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Dismantling Brown's Culture of Conformity By: Benjamin Bright
The Brown Daily Herald | Thursday, December 07, 2006

This past semester, I've tried to write columns that went against the grain of accepted discourse at Brown. Although I admit I am a polemicist at heart, I did have a loftier goal in mind than simply stirring the pot. Brown should be a marketplace of ideas where values are shaped by vigorous argument and confrontation. And while Brown administrators fill our ears with the ideals of critical thinking, I believe that the University may be failing in its mission.

All of us should know the following talking point for pundits: In March 2001, a group of students seized an entire print edition of The Brown Daily Herald and seized the entire print edition, which ran an advertisement by conservative commentator David Horowitz condemning slavery reparations. While this mob of young authoritarians was roundly condemned by most students and administrators, I would still argue that a culture of conformity exists on Brown's campus that will not tolerate speech that offends liberal sensitivities.

Just three weeks ago, for example, Amy Littlefield '09 published a column in The Herald that condemned protestors outside Sex Power God for "sexual harassment" ("Will we condone sexual harassment," Nov. 10). She based her argument on Brown's Office of Equal Employment's sexual harassment brochure, from which her article flowed logically. It did not occur to her, however, that those protocols that eschew free speech might be wrong. Is the freedom from being offended now a civil right? I certainly hope not. Based on Littlefield's argument, those protestors ought to be silenced and censored to protect those fragile members of the student community who might be offended.

Freedom of thought and speech was a favorite topic of John Stuart Mill. In "On Liberty," he writes "there is the greatest difference between presuming an opinion to be true, because, with every opportunity for contesting it, it has not been refuted, and assuming its truth for the purpose of not permitting its refutation. Complete liberty of contradicting and disproving our opinion is the very condition which justifies us in assuming its truth for purposes of action."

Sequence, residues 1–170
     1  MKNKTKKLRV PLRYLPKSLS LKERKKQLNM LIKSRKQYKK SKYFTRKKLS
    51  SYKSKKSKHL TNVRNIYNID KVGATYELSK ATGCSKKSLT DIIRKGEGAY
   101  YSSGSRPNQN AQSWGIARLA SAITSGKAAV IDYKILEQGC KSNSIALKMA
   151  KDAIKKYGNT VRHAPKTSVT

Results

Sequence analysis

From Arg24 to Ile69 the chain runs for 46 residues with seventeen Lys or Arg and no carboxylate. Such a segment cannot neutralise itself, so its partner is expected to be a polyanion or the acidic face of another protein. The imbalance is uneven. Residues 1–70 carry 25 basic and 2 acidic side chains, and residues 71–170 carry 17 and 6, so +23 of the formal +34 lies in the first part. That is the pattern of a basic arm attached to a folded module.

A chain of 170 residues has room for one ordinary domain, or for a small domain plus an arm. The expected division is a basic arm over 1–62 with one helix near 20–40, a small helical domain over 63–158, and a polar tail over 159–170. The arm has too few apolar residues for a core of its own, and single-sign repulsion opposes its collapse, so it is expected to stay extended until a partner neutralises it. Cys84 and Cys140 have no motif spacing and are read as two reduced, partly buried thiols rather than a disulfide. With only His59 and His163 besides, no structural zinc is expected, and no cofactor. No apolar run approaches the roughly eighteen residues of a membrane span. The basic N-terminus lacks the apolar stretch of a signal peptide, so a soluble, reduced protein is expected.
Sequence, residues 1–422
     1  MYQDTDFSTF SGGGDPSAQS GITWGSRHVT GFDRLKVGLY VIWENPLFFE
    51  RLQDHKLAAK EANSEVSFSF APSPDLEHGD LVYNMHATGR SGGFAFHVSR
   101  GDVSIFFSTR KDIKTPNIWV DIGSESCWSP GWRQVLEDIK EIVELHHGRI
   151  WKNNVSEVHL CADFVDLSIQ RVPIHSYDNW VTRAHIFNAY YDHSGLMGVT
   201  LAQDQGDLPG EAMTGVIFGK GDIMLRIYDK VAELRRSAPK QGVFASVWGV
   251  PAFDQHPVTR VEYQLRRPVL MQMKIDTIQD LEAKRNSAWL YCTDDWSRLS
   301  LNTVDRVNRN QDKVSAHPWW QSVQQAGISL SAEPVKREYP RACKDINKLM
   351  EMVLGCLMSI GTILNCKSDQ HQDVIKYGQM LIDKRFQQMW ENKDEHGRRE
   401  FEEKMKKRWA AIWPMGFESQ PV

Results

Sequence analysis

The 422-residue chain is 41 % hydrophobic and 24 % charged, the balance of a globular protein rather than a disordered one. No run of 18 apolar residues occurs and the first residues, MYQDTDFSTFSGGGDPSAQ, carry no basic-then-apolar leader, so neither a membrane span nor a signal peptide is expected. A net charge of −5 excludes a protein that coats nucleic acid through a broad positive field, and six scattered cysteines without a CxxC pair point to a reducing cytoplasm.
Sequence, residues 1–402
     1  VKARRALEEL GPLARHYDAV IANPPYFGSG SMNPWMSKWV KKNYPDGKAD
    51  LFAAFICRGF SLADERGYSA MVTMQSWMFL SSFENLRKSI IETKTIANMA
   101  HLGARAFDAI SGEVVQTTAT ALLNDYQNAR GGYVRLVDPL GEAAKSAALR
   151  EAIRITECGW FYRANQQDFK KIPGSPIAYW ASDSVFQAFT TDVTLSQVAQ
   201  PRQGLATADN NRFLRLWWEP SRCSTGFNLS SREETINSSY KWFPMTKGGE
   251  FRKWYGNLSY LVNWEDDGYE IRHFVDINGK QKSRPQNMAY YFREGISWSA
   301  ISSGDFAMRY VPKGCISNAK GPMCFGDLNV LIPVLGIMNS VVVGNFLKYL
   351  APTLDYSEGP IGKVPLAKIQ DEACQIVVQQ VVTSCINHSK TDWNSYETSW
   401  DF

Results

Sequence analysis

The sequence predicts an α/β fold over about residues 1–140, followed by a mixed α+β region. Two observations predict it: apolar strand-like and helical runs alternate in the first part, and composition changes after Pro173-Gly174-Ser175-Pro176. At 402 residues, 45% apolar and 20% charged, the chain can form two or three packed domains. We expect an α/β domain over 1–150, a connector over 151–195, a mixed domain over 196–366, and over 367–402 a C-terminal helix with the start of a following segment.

In other words, the truth of any matter can only be determined through full debate in a public forum, and those who seek to silence other ideas because they are "offensive" or "harmful" or 'hateful' ruin the debate with a disservice to the truth. The key to refuting bad speech is good speech, not censorship.

While I cannot speak for every student on campus, in my fourth year as a student at Brown, I do not believe that questions which defy conventional wisdom are even being asked. Certain ideas and actions are so unpardonable at Brown that they are crushed by the long arm of self-censorship and political correctness.

How is it possible that in four years at Brown I have not once heard a debate among students about abortion or gay marriage? Isn't that weird? They're two of the most contentious issues of our generation, but no one is talking about them. Why is that?

Some would say the problem is apathy. But I think the problem is more serious. According to Wendy Kaminer, author of "Free for All: Defending Liberty in America Today," Brown's problems are part of a wider trend of a culture of victimization and self-righteous intolerance. It began with the feminist anti-porn movement in the 1980s, whose activists were among the first to break down the boundary between words and action: porn is violence, or at least, encourages violent acts. This line of reasoning has infected the progressive movement and academic institutions as a whole in the form of new types of hate speech: misogyny, racism, bigotry, xenophobia and more. All are potentially harmful and encourage violence toward others.

Thus, if a student were to question gay marriage or abortion during a conversation in a dining hall, he would risk revealing himself as a bigot or misogynist - fodder for the cultural censor. That's how a culture of conformity comes about.

What's missing in the academic and social experience at Brown is the exposure to ideas that challenge our own preferences and prejudices that we held when we first arrived. Critical thinking refers to more than how we look at the world, but how we look at ourselves - whether our basic beliefs are examined, prodded and nudged by contrasting arguments and opinions. That is the most fundamental principle of academic freedom, and should be the priority of the administration's enrichment plan.

Benjamin Bright '07 has been invited to a meeting by the Dean of Campus Conformity.

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